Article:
Phenolic Transition from Olive Fruits at Different Ripening Stages to Olive Oil: Process Optimization and Determination by Spectrophotometric and Chromatographic Methods


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Delil S. O. S. , Ozkan G., Karacabey E.

FOOD ANALYTICAL METHODS, vol.15, no.12, pp.3297-3310, 2022 (SCI-Expanded) identifier identifier

  • Publication Type: Article / Article
  • Volume: 15 Issue: 12
  • Publication Date: 2022
  • Doi Number: 10.1007/s12161-022-02364-6
  • Journal Name: FOOD ANALYTICAL METHODS
  • Journal Indexes: Science Citation Index Expanded (SCI-EXPANDED), Scopus, Agricultural & Environmental Science Database, CAB Abstracts, Compendex, Food Science & Technology Abstracts, INSPEC, Veterinary Science Database
  • Page Numbers: pp.3297-3310
  • Keywords: Phenolics, Response surface method (RSM), Malaxation temperature, Malaxation time, High-performance liquid chromatography (HPLC), MALAXATION CONDITIONS, ANTIOXIDANT ACTIVITY, VOLATILE COMPOUNDS, QUALITY, TIME, TEMPERATURE, FRACTION, PASTE, POLYPHENOLS, CAPACITY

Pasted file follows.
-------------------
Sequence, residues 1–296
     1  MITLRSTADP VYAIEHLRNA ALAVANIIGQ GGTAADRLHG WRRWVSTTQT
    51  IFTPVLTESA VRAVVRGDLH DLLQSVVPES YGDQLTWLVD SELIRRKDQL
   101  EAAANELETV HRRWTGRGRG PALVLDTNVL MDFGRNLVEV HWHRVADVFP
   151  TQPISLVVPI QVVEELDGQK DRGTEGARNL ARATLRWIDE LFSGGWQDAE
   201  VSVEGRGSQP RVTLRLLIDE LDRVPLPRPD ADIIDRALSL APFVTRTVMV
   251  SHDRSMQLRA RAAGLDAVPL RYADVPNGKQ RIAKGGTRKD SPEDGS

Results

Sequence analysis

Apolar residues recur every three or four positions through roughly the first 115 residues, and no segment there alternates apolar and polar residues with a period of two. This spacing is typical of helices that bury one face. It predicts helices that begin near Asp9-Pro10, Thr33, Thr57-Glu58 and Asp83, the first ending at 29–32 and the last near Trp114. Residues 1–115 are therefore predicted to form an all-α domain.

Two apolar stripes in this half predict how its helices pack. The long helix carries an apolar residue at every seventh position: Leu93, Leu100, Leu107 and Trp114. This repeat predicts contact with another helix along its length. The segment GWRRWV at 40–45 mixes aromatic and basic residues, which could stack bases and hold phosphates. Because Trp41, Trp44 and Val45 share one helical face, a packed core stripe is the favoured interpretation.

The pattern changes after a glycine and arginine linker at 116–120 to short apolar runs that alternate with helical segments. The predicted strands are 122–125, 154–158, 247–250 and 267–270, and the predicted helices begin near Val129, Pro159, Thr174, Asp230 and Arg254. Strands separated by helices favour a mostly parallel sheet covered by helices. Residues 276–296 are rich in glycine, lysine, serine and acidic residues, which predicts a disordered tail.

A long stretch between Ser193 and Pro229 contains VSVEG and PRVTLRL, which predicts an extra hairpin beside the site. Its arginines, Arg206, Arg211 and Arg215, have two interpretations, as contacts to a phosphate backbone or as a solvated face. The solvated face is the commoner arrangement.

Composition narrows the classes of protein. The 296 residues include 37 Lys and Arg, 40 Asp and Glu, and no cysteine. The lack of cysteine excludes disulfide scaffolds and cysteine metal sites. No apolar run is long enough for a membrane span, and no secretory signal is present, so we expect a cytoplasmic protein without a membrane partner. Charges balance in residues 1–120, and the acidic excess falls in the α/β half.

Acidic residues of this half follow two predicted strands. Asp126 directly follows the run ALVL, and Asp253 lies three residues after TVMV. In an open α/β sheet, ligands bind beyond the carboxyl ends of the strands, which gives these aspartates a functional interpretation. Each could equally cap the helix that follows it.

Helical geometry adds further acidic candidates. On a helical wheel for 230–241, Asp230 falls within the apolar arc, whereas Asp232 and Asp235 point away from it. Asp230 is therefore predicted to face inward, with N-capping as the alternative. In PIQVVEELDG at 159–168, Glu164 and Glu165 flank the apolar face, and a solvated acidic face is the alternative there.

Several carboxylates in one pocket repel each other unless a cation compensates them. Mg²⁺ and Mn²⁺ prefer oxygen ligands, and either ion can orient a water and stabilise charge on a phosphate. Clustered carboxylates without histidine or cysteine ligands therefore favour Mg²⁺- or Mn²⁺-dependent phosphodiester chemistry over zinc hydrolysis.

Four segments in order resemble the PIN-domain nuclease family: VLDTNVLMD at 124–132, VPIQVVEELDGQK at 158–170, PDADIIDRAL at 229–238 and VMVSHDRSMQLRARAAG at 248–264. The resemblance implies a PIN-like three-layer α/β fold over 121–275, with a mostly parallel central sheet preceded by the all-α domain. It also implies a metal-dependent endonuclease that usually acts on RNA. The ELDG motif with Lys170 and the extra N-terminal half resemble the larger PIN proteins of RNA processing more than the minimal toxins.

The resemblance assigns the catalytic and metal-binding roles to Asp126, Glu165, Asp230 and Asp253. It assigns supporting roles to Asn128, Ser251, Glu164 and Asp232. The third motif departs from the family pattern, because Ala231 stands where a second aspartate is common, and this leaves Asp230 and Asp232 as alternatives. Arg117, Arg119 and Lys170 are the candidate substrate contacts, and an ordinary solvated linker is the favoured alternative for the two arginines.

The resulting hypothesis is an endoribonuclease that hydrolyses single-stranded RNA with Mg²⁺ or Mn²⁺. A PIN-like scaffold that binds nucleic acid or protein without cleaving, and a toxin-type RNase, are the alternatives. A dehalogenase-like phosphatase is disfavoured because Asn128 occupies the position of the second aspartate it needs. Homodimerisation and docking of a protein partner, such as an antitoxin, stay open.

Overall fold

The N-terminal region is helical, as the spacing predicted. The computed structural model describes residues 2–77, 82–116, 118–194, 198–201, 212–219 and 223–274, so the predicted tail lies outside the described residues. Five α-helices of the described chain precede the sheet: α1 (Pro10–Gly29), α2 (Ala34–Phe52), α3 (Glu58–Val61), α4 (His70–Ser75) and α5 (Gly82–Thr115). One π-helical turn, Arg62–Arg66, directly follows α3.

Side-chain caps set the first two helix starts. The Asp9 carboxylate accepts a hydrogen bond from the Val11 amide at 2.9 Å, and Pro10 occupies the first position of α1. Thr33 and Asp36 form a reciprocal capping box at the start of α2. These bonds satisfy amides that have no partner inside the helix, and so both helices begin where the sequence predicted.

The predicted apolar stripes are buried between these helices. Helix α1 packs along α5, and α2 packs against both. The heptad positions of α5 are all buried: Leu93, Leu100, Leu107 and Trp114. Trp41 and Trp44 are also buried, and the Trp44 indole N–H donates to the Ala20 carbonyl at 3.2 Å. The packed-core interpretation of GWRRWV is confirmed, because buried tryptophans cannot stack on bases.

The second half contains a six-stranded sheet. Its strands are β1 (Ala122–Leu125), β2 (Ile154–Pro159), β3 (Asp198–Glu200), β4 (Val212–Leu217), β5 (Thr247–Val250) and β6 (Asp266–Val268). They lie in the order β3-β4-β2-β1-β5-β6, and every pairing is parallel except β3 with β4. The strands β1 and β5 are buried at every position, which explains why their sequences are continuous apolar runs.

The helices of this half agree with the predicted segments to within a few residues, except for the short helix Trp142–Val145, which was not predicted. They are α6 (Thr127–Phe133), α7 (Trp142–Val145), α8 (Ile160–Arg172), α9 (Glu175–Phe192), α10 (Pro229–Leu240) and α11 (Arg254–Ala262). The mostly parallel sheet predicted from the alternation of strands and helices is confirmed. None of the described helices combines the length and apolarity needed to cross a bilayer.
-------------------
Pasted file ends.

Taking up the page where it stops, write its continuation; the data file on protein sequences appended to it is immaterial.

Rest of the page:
• Süleyman Demirel University Affiliated: Yes

Abstract

Phenolics, in addition to color, flavor, nutritional value, and organoleptic properties, are mainly responsible for the oxidative stability of olive oil and change according to the degree of maturity and processes. In this study, it was aimed to optimize the malaxation process using the response surface method in terms of oil yield and bioactive constituents, including total phenolic content, ortho-diphenol, and free radical scavenging activity of olive oils at three maturity stages. At all maturity stages, malaxation temperature and time were effective on the considered responses. The total phenolic content, ortho-diphenols, and free radical scavenging activity of the oil samples varied in a range of 86.11-338.94 (milligram gallic acid equivalent (GAE)/kg), 66.74-154.88 (mg GAE/kg), and 42.49-90.10%, respectively, depending on the malaxation conditions. Tyrosol, hydroxytyrosol, vanillic acid, vanillin, p-coumaric acid, ferulic acid, quercetin, and luteolin were the individual phenolics determined chromatographically in the olive oil samples, and their amounts varied to different extents depending on the malaxation conditions and maturity stages. The models show high predictive performance to explain the variation in the study. The optimum conditions for malaxation temperature and time for oil extraction from spotted, purple, and black fruits were 35 degrees C/45 min, 33 degrees C/44 min, and 35 degrees C/24 min, respectively.